All she ever wanted was a home for both of them. She's giving it to him and to herself: A beginning, a real thing. A lake in the concrete world they'll be safe.
Norman: "She's pretty! Maybe she kind of likes me! I'm seventeen! Why do I have to be careful?"
Norma: "Do not lose your temper with me. I'm protecting you."
He runs upstairs and she tells him to stay there, but she doesn't mean it. He'll come down, smiling, unctuous, to compliment her hair or the work she's done on the house already, how much work they still have to do. Together.
He punches a bunny, then regrets it. "I suck," he says without conviction; he texts Bradley and throws himself from a third-floor window, onto the porch and then down. When he gets to the bus stop, they laugh: He's carrying his books. He actually thought they'd be studying.
Is over the top, in a kind of great way: There's a blacklight bed-jumping room, all Minaj lips and glowing undies; there's an acid heaven of lasers and smoke and Chinese lanterns. People kissing, rolling joints, passing beers back and forth. Dancing. Black Rebel Motorcycle Club: "I need a rival/ I need a rival/ I found my soul and I set it on fire..."
He finds himself in a gorgeously lit kitchen, all blue and cold, arranged between several red objects on the counter, watching everything happen. He's not shy, he's not crazy. He's just watching. Making up stories, listening to the even-pithier Radiohead: "The Tourist," if you can believe it.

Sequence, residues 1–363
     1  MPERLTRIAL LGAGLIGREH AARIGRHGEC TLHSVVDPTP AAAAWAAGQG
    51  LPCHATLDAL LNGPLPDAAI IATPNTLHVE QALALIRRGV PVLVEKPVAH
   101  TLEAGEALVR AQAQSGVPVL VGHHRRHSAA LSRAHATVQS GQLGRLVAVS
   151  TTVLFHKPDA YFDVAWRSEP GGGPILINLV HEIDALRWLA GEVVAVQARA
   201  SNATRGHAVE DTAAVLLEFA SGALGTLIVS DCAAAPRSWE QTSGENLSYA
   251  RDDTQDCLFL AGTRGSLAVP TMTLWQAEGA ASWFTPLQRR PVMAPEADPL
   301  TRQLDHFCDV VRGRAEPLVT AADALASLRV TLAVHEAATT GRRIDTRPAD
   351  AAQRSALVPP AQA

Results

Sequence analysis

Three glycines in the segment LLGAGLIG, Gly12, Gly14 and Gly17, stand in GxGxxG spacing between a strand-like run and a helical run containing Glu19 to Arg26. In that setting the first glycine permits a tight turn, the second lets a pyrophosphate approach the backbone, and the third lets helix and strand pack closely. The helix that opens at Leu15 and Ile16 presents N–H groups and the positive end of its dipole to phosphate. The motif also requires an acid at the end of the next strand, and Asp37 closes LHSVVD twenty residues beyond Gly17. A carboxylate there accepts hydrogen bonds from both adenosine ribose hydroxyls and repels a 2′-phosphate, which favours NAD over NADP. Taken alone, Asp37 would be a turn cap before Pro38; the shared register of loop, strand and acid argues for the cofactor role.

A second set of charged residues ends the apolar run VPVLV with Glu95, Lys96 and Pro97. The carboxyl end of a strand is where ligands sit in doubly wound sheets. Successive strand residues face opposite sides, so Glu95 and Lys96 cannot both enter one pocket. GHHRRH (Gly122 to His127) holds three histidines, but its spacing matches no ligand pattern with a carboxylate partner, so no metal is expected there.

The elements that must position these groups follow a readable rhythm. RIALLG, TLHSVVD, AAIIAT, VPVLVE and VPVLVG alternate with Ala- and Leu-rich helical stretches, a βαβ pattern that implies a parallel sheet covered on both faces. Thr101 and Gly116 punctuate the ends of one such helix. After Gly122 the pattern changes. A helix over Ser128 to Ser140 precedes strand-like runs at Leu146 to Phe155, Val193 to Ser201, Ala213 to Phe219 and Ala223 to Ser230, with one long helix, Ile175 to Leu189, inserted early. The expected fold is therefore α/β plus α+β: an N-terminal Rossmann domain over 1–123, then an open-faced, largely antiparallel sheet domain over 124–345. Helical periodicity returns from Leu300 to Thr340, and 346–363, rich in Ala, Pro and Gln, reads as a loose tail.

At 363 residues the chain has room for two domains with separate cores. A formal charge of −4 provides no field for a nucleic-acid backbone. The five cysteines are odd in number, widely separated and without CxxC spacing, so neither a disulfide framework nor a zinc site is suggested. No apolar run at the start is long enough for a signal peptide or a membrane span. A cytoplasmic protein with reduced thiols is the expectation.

"Sometimes I get overcharged/That's when you see sparks..."
He realizes he's staring at Bradley a second before she does.
"Did those dumb bitches leave you here by yourself?" This is how she moves, in the concrete world. She speaks its language.
Norman: "I'm good, actually. Lots to look at."
Bradley: "Are you... was that a line?"
Norman: "No, I mean I am literally looking at everything. But the fact that you think I was hitting on you means that's a thing reality might admit, which means..."
Bradley: "You are sorely different, Norman Bates."
Norman: "I wouldn't know. People who are different don't know they're different, because they have nothing to compare it to. That would take words. A mirror."
Bradley: "You're a beautiful, deep, still lake, in the middle of a concrete world."
That's exactly what he is. There are gators down there, in the black, but he is beautiful, and deep and still. Untouched. The concrete world keeps you trapped, tortured: One thing all the time. One thing defined by words, by men: What a person is, what a man is or a woman is. What to fear. The concrete world would look at Norma(n) and see just a reversal, just affirmative action, just the old story told backwards: Because to acknowledge what it really means, that stories happen even when you're not there to tell them, would tear the whole world apart.